Tomorrow is the official start of summer but, more importantly, it is the longest day of the year for those of us in the northern hemisphere. It’s the day with the most light and it has a very special meaning for those who have been impacted by Alzheimer’s.
This month is Alzheimer’s & Brain Awareness Month and June 21st, the summer solstice, is a special day for those who advocate and support the fight against Alzheimer’s; it is labeled “The Day With the Most Light Is the Day We Fight”. This day was chosen to refine the focus on the fight against Alzheimer’s to a specific day.
Usually, I include some statistics about the disease that I’m writing about in my blog. I do that to highlight and educate you about the impact that disease has on our lives. Unfortunately, I really don’t have to do that with Alzheimer’s or other types of dementia, because almost without exception Alzheimer’s or dementia has affected each one of us in some way. Let me tell you about how it has affected me.
I spent over eight years in the Air Force with most of my time as part of a crew in a B-52. Downstairs in a B-52 is where the bombardier and the navigator sit, no windows just radar sets and low light/infrared screens to keep us entertained. That’s where I spent my time. I flew a large part of my 2,000 hours in the B-52 with a man who became a lifelong friend. He was one of six Air Force friends and their wives who have continued to get together every two years for 46 years. He died a little over two years ago from Louie Body Dementia. Louie Body Dementia is an aggressive form of dementia, but it is just one of many different types of this terrible disease. I will use the term Alzheimer’s in this blog since it is the most common type of dementia, but I will use it to also include all of the types of dementia. As is the case with Alzheimer’s you lose the loved one you knew long before their death. It was so hard as I visited, vacationed, and cared for my friend after he was diagnosed because I saw the man I knew and loved slowly disappear. We had to continually say that it was Louie talking and acting rather than the man we knew before. It was especially hard on his wife and family. I suspect that many of you have your own experiences that you could talk about.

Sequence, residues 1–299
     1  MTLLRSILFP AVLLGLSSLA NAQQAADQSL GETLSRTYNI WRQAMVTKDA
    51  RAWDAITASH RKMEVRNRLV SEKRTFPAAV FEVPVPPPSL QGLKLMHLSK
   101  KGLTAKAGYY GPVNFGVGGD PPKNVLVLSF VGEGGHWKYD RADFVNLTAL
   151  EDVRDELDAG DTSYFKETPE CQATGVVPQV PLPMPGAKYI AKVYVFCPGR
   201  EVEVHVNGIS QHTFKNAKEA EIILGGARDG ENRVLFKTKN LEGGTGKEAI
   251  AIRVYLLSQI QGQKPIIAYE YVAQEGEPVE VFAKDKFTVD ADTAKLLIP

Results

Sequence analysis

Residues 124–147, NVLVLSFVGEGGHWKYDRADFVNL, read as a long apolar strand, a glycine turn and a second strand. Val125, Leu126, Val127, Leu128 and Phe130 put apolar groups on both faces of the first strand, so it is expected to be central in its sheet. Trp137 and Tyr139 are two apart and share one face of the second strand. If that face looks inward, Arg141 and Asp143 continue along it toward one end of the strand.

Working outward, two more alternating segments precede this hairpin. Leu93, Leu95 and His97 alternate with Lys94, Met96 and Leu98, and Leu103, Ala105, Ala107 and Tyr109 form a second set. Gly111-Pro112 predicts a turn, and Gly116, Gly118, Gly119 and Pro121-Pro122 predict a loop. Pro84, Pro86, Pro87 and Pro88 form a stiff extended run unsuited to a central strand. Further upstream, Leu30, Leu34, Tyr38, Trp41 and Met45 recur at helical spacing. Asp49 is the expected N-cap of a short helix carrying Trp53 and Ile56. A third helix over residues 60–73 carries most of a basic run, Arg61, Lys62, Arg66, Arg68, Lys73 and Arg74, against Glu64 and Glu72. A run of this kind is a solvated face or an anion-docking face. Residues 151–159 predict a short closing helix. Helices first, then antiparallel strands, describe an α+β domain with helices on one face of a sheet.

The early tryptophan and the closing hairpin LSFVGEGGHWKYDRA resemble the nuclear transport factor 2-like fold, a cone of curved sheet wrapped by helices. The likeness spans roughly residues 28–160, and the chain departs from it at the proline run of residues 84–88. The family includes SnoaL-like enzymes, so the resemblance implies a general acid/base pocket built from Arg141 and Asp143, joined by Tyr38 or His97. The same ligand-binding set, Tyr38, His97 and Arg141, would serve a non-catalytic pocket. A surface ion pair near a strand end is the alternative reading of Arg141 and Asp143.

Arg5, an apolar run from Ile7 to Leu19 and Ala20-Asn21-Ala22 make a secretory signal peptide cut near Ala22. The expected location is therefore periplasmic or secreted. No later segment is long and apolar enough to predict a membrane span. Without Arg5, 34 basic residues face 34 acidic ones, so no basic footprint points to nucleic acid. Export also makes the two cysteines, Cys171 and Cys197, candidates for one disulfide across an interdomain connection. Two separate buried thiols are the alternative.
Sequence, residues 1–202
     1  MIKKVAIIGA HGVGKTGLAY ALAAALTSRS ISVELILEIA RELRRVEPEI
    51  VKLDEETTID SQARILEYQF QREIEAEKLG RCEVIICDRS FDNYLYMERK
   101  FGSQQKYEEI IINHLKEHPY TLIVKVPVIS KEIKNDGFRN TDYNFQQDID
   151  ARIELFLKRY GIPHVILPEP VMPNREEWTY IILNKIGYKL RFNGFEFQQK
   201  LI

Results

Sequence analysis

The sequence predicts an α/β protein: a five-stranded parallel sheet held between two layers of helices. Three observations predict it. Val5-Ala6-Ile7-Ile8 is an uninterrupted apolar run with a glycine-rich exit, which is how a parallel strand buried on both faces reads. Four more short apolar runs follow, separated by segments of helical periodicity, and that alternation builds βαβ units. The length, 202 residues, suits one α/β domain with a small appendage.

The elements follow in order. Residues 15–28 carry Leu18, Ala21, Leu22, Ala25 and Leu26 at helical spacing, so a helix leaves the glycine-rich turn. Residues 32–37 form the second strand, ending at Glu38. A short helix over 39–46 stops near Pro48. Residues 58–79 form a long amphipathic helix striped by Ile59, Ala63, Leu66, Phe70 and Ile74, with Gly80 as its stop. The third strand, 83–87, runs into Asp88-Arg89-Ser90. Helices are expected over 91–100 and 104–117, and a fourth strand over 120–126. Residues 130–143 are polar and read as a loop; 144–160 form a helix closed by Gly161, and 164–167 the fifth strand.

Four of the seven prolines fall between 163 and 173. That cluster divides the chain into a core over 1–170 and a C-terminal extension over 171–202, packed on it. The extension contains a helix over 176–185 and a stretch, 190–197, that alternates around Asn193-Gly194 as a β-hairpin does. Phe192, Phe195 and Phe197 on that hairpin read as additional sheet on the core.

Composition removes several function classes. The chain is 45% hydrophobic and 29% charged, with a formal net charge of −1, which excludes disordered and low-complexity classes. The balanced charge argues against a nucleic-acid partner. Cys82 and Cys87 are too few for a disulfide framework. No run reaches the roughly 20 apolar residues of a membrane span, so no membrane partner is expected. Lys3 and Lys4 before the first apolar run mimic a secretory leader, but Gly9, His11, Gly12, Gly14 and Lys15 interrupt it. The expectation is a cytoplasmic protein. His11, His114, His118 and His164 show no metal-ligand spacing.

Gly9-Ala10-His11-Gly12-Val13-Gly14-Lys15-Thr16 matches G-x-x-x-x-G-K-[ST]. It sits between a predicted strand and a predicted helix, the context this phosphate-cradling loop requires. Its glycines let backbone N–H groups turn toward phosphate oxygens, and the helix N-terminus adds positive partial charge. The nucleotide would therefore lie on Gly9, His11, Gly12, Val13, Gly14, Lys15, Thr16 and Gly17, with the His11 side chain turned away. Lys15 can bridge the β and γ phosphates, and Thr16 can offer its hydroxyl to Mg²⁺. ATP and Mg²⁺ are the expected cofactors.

As I’ve advocated over the years for more Alzheimer’s research, I’ve often pointed out that Alzheimer’s costs us 300 billion dollars each year with the cost rising each year. This always seemed like such a strong argument for expanded research. After my experience with my Air Force friend the money part, while it remains very important, dimmed somewhat in relationship to the impact on the lives of those who care for those who suffer from Alzheimer’s. The mental, financial, and physical impact of this disease on those around the patient is huge. I don’t think there is any better way for us to spend our time and resources than searching for a cure.
Discoveries of new treatments for Alzheimer’s have been rare, almost non-existent. There have been many promising medicines that have been tested and failed, some of the failures coming at the very end of the clinical trials. It has been heartbreaking to those impacted by Alzheimer’s to have hope and then be disappointed. Just last year a drug was approved that offered some hope. The cost was substantial and, even though the cost was ultimately cut in half, CMS decided that it would only be available to people who participated in clinical trials. While there are many people and organizations on both sides of the question of who should get access to this medicine, the fact of the matter is the hope of a treatment for Alzheimer’s was again dimmed. Just recently a promising drug, named crenezumab, failed in a trial that had been going for 10 years. Once again, the hope for an Alzheimer’s treatment has been dashed, to say nothing of the cost of a 10-year trial. It’s time we take action.
We’ve had government programs that used the “moon shot” moniker to focus commitment and funding. We’ve shown that we can develop vaccines at breakneck speeds when our backs are against the wall. These are all important efforts. I think it’s time we recognize the impact on not only those who suffer from Alzheimer’s but also to the loved ones and care givers by marshaling are personal and government resources to conquer this disease.
As noted above, this is the month and today is the day that we focus on advocating for more research and helping those affected by Alzheimer’s. You can find out what activities are going on in your community during “The Day With the Most Light Is the Day We Fight” project by clicking this link. Get involved, do it for that someone in your life who has been affected by Alzheimer’s.